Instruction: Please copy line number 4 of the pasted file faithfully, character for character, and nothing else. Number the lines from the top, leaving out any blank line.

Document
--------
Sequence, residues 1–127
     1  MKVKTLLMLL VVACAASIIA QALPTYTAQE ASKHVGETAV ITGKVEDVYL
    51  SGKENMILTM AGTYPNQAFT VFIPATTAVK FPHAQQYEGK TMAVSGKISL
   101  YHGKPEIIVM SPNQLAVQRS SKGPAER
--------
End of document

   101  YHGKPEIIVM SPNQLAVQRS SKGPAER